Theme Thursday is a Gallup webcast series that dives deep into the CliftonStrengths themes, one theme at a time -- this season based on developing teams and managers with CliftonStrengths. And today's theme is Harmony. If you're listening live, join us in the chat room. If you're on the YouTube page, or if you're on our live page, there's a link right above me that has the YouTube instance, you can take it to it. That also works, or the recorded version, by the way, the chat room will go along with the video. So if you've missed it, or if you're listening on the podcast side of things, head out to YouTube, check it out. It's a great experience. If you have questions after the fact, you can always send us an email: firstname.lastname@example.org. And I mentioned, subscribe to us there on YouTube; like the video -- that, that always helps us out, and then you can subscribe to this as a podcast just by searching "Gallup Webcasts." Maika Leibbrandt is our host today. She's a Workplace Consultant with me here at Gallup. And Maika, great to see you. Welcome back to Theme Thursday!
Maika Leibbrandt 1:08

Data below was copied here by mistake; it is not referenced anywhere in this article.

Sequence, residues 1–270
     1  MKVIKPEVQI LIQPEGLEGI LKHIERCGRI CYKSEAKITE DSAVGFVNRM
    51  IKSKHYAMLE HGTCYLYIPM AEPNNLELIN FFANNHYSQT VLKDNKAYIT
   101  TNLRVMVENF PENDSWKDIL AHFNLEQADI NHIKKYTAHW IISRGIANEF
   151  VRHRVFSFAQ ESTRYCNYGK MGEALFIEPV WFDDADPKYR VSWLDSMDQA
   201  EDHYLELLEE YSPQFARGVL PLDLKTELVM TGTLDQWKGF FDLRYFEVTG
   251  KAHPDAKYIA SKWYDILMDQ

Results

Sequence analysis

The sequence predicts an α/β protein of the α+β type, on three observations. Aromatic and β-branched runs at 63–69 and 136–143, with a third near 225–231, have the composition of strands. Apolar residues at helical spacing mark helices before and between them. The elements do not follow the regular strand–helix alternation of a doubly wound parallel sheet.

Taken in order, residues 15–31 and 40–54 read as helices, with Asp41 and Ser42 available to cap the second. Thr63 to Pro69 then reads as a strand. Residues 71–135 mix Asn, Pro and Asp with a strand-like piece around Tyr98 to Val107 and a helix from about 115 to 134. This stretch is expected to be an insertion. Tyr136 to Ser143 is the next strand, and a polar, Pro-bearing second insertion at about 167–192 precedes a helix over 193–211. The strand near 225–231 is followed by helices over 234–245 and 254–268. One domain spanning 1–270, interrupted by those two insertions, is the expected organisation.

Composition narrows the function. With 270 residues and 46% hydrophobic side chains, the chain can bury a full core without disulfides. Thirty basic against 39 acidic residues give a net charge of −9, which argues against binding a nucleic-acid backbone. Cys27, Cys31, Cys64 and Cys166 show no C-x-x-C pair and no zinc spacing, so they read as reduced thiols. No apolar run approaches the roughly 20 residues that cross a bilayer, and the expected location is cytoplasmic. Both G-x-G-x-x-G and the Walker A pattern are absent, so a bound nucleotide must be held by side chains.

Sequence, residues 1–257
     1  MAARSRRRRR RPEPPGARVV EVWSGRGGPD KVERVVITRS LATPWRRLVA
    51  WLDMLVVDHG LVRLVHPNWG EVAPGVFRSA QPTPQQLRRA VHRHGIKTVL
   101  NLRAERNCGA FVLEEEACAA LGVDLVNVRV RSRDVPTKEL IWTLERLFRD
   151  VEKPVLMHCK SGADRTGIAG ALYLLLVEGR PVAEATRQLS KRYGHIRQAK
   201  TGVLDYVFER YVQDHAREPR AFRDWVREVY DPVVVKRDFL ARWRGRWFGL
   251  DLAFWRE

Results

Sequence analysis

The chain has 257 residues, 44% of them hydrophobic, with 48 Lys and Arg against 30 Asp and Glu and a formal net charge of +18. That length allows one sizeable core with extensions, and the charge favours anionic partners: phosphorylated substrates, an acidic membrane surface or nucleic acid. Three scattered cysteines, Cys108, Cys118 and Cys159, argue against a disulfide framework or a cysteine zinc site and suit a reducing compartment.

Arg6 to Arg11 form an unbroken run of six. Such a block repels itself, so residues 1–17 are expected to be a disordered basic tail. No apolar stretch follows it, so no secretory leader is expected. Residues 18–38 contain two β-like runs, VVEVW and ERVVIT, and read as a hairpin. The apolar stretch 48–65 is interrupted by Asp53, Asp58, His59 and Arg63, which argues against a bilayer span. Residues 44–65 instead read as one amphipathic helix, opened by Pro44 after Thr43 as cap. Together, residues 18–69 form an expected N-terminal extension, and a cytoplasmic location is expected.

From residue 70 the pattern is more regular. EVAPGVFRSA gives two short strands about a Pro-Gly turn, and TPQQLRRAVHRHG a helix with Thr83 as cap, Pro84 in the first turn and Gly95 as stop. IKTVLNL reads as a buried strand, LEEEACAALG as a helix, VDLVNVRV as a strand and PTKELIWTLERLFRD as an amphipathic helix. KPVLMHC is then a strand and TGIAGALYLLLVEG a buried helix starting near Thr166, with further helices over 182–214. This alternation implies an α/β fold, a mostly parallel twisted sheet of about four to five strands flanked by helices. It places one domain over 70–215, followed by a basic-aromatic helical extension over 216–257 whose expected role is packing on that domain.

Thanks, Jim. Great to be here. You know, this season we are talking about managers and teams. And in order to do that, we're diving into every single one of our 34 CliftonStrengths themes through the lens of team. We know from our studies in leadership that strong teams have 5 things going for them. You can read more about those 5 in the introductory pages around page 27, in the English copy of the book, Strengths Based Leadership. Today, we're going to use these 5 Truths of a Strong Team to talk about Harmony, and we're going domain by domain. So we are kind of right there, marinating in the middle of those Relationship Building themes. And I hope that after we've unpacked Harmony across these 5 truths of how they contribute to, to a strong team, you can walk away with a greater appreciation for what this theme brings individually. Not just saying, "Oh, it's a Relationship Building theme, so it means they build relationships," but in instead, really being able to honor and appreciate and maybe, actively even use, your Harmony to answer that question of how do they build relationships? And how does that connect to strengthening a team?